Is Florida as crazy as it seems? Anyone reading or watching the news knows a story beginning with the words “Florida man” - or any Florida resident, really - is bound to be good. Whether the crimes take place in southern grocery chain Publix or the Everglades, the reports range from hysterical to macabre in nature.
Jokes around the internet refer to “Florida Man” as one person wreaking havoc in the state, but the truth is less meme and more lawful.
Dating back to in 1909, Florida operates under the idea that the government works for the people, so their information should be available to the public. The group of laws that protect this transparency are called the Florida Sunshine Laws; they include access to arrest records and Florida mug shots, making reporters' jobs easier while creating the dysfunctional "Florida Man" mythos.
Florida’s progressive stance on open government began in 1909 with the passage of statute Chapter 119. Also known as the Public Records Law, it opens up official government documentation in the state to any citizen requesting it.
The Government-in-the-Sunshine Law hit the books in 1967, adding meetings to the list of available records. That’s why Miami-Dade County Commissioner Xavier Suarez and his son Francis - a Miami-Dade County commissioner - posted a public notice for one of their discussions in 2015. The required sunshine notice detailed their planned topic of public transportation.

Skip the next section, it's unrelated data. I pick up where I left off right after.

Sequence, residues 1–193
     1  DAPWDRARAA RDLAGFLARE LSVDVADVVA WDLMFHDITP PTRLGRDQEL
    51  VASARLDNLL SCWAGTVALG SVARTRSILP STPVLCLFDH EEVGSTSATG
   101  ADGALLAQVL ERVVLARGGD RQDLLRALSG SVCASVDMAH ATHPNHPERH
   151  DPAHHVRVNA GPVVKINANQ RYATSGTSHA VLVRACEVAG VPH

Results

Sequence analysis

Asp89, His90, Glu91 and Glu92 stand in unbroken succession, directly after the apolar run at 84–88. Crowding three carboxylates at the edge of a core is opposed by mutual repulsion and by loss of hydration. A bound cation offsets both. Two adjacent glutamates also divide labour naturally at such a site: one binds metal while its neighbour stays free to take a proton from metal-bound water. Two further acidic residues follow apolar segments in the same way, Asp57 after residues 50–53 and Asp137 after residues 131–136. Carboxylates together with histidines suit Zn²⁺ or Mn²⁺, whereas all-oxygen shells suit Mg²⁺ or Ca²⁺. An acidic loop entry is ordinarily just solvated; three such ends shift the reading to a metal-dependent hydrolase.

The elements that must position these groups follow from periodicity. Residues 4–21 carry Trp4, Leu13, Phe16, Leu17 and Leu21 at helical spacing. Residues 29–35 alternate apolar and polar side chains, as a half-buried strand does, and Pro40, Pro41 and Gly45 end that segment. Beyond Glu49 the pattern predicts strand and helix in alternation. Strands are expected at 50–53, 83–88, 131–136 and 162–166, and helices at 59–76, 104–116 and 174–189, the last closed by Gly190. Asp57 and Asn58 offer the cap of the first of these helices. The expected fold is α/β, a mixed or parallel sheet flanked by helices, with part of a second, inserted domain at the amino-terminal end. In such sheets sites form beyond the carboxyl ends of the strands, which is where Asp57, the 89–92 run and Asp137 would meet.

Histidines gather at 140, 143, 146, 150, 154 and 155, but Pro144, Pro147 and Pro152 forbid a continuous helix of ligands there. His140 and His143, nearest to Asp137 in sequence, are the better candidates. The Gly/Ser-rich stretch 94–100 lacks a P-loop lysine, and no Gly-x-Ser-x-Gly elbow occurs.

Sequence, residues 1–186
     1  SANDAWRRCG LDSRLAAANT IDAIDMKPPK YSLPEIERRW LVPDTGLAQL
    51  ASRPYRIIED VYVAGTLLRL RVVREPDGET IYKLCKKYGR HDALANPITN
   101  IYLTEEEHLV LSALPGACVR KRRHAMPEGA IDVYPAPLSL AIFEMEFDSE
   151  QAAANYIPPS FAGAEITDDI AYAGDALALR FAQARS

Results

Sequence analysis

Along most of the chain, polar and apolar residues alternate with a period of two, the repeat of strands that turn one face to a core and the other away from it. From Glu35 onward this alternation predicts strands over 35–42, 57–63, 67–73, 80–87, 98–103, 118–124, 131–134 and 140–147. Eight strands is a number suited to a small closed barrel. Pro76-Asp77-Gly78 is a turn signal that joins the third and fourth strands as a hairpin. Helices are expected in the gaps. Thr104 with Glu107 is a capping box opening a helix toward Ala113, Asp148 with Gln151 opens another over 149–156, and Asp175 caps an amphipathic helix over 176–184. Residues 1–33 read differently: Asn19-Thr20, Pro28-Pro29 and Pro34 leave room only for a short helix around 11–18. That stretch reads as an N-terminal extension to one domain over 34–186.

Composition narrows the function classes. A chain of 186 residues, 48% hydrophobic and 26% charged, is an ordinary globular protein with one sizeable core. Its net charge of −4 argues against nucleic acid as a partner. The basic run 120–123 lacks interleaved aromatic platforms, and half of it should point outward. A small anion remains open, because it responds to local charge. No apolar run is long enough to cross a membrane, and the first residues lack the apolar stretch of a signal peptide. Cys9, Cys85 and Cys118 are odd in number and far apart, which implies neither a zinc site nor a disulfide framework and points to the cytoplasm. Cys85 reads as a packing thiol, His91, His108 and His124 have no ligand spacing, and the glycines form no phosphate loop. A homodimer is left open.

The three branches of government - judicial, legislative, and executive - are the main focus of Florida’s records laws. However, various court rulings over the years found public schools and universities are also under the umbrella of government agencies.
A 1980 Florida court ruled paperwork created by school boards for budgetary purposes are public records. Another case in 2008 set a precedent for the availability of employee health insurance plans - including information on their children and dependents.
Teacher evaluations and disciplinary actions are also available to citizens, but not their medical records or any deductions taken from their payroll.
As with any law, Florida’s government transparency evolves with the technology available for record-keeping. According to the Florida Office of the Attorney General, public records include, “tapes, photographs, film, sound recordings, and records stored in computers.”
These are in addition to older formats, such as paperwork, books, and maps.
Over the years, many challenges to the scope of the laws have come up. In 1995, the Open Government Sunset Review Act passed state legislature to provide guidelines for judging exemptions, specifying:
An exemption must fit within one of three categories of identifiable public purposes, and must be seen as compelling enough to override the strong presumption of openness.
Chapter 119 sets forth the framework for those guidelines, generally focusing on the safety of individuals versus the public’s right to have the information.